That Aaron Copland is regarded as the quintessential
American composer is completely justified by the inclusivity of his
output. There is no other composer from the United States that better
represents the make-up of the American people in his music. Educated
in Europe, well traveled in Latin America, and the inventor of what
he dubbed the American vernacular style of composition, Copland’s works
express the diversity of his native land. His legitimization of both
the folk and jazz idioms by bringing them to the "classical"
concert hall is a contribution that would affect a number of his fellow
composers, Leonard Bernstein being the most notable among them.
What a find we have here in the Nashville Chamber Orchestra
and its exemplary lineup of soloists. An adolescent amongst performing
ensembles, this mere twelve-year-old stands out as an orchestra of maturity
and virtuosity. Active in the vital arena of the performance of music
by living composers, Paul Gambill and his band have commissioned and
premiered more than two-dozen new works. (Nota bene big five: this little
orchestra in the south is putting all of you to shame in the "music
of our time" department.) One can certainly hope that the worldwide
distribution might of Naxos will garner a great deal of attention for
this outstanding organization.
Nothing is more satisfying to a critic than to hail
a fine program, interestingly planned and excellently executed. And
that is exactly what we have here for the price of a combo meal at the
local fast food joint. Let’s start off with the orchestral works. The
Three Latin American Sketches began life as two brief individual
pieces that the composer dismissed as unworthy of the concert repertoire.
It was not until André Kostelanetz commissioned a third piece
in 1971 that Copland revived his two earlier works, putting them together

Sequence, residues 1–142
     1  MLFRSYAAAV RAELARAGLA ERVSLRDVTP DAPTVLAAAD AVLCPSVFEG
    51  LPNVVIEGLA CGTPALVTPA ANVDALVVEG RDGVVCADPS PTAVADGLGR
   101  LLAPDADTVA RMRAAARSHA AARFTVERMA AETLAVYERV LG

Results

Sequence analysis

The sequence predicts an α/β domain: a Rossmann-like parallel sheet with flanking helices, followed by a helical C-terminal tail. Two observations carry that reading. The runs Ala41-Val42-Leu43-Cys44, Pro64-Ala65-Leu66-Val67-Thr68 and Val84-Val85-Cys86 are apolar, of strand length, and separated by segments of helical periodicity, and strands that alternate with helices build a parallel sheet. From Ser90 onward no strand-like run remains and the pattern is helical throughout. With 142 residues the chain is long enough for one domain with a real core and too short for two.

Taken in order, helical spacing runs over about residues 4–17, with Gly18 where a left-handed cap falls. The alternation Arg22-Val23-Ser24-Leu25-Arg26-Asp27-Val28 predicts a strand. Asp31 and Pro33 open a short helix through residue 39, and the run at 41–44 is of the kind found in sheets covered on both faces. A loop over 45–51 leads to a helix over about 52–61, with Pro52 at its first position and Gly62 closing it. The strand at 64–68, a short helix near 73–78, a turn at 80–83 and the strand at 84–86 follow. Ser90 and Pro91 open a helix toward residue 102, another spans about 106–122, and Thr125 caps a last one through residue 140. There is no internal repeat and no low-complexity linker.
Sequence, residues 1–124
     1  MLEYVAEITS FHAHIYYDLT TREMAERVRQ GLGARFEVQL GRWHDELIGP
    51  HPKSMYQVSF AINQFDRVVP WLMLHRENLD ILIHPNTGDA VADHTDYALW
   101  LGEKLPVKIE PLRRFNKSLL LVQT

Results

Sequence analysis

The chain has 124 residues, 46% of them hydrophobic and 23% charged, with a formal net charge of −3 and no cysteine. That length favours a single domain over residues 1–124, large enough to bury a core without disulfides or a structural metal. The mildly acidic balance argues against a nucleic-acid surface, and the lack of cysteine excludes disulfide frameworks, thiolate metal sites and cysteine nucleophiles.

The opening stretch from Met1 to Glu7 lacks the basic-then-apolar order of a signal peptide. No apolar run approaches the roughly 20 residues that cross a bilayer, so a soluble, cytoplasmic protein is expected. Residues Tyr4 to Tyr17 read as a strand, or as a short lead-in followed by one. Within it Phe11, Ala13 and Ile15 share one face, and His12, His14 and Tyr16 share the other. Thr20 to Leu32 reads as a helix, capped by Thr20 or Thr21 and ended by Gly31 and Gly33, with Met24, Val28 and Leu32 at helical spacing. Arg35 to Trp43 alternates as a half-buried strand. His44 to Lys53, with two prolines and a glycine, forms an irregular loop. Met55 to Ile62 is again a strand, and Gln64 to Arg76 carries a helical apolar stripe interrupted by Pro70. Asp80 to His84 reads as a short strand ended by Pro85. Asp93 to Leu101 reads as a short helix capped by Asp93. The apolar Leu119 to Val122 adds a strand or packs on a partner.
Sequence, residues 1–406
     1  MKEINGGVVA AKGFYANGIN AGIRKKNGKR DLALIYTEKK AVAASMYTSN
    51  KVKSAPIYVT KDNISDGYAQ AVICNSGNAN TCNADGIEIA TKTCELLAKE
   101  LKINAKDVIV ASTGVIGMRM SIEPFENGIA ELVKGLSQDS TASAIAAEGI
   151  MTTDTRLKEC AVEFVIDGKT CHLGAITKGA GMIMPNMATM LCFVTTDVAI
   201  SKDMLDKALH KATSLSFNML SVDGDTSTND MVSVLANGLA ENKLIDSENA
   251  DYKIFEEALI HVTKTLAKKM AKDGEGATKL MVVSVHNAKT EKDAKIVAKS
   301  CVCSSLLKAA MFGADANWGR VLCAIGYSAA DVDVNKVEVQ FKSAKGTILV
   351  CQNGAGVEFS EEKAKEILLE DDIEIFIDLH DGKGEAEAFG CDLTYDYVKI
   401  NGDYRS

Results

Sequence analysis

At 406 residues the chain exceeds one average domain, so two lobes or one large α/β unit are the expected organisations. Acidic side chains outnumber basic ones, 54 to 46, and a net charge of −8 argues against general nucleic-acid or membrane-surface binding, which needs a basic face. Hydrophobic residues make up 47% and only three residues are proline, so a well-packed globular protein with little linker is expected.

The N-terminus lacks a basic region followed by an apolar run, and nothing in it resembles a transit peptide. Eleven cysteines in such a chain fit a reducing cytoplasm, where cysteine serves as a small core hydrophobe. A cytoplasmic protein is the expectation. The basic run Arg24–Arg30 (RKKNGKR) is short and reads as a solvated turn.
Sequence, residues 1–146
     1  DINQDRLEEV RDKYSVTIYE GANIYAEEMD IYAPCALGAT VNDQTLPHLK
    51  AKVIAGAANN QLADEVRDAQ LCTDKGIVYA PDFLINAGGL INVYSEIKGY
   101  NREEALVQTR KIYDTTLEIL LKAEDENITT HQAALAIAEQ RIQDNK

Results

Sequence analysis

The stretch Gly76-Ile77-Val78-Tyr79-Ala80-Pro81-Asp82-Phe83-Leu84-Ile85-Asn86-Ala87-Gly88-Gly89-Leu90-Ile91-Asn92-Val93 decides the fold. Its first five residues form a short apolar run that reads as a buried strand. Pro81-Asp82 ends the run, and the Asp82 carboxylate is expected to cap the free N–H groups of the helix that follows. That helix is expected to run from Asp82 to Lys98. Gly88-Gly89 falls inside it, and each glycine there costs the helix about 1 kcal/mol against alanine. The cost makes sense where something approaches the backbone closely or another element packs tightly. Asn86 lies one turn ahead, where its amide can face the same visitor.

in a suite ripe with the rhythm and color of Latin America. Played here
with verve and panache, these three minor scores make for a delightful
Appalachian Spring was written in 1944 for Martha
Graham’s dance troupe. This was the work that was to make Copland the
first American composer to gain international recognition. The music
went on to win both a Pulitzer Prize and a New York Critic’s Circle
award, and is widely regarded as the finest example of Copland Americana
style of composition. The performance here is clean, sparse and elegant,
with just the right amount of nuance and a very appropriate lack of
sentimentality. The opening melancholy string passages are beautifully
hushed, and the faster rhythmic passages are precise and clear. The
Simple Gifts solo is played to perfection.
There are not sufficient superlatives to heap upon
soloist Laura Arden for this spectacular rendition of the concerto for
clarinet. Commissioned in 1947 by none other than Benny Goodman, the
great jazz man nearly let his exclusive rights to performance of this
work expire before he finally got up the nerve to play this fiendishly
difficult work in public. Of course, he did play the piece and recorded
it many times, twice with Copland himself conducting. This performance
is sheer perfection. Divided into two main sections, the concerto is
played without pause and is a tour de force for the solo instrument.
Opening with a long and mournful melody, Ms. Arden verily weeps through
her instrument, and one is lost in the beauty of both the tune itself
and her playing. There follows a monster of a cadenza and a fast movement
that is pure jazz with an orchestral accompaniment. Pushing the instrument
to the extremes of its range without a moment to breathe, Arden rips
through this incredibly difficult solo with a child’s ease. She is a
world-class talent, and we hope to hear more from her soon!
Finally, we come to this writer’s very favorite Copland
work, the achingly beautiful Quiet City. Paula Engerer and Scott
Moore are wonderfully expressive in their sedate and lonely solo passages.
Everything is in its place in this performance and one could not ask
for a better-balanced rendition. Everything that the composer wished
to depict in this picturesque score is brought to the fore, painted
on a broad canvas with exquisite colors and the finest of brushes.
Recorded sound is near perfect with a warm reverberant
acoustic and an excellent balance between the instruments and between
soloists and the orchestra. Viola Roth’s program essay is concise, informative
and well structured. Recommended without a moment’s hesitation.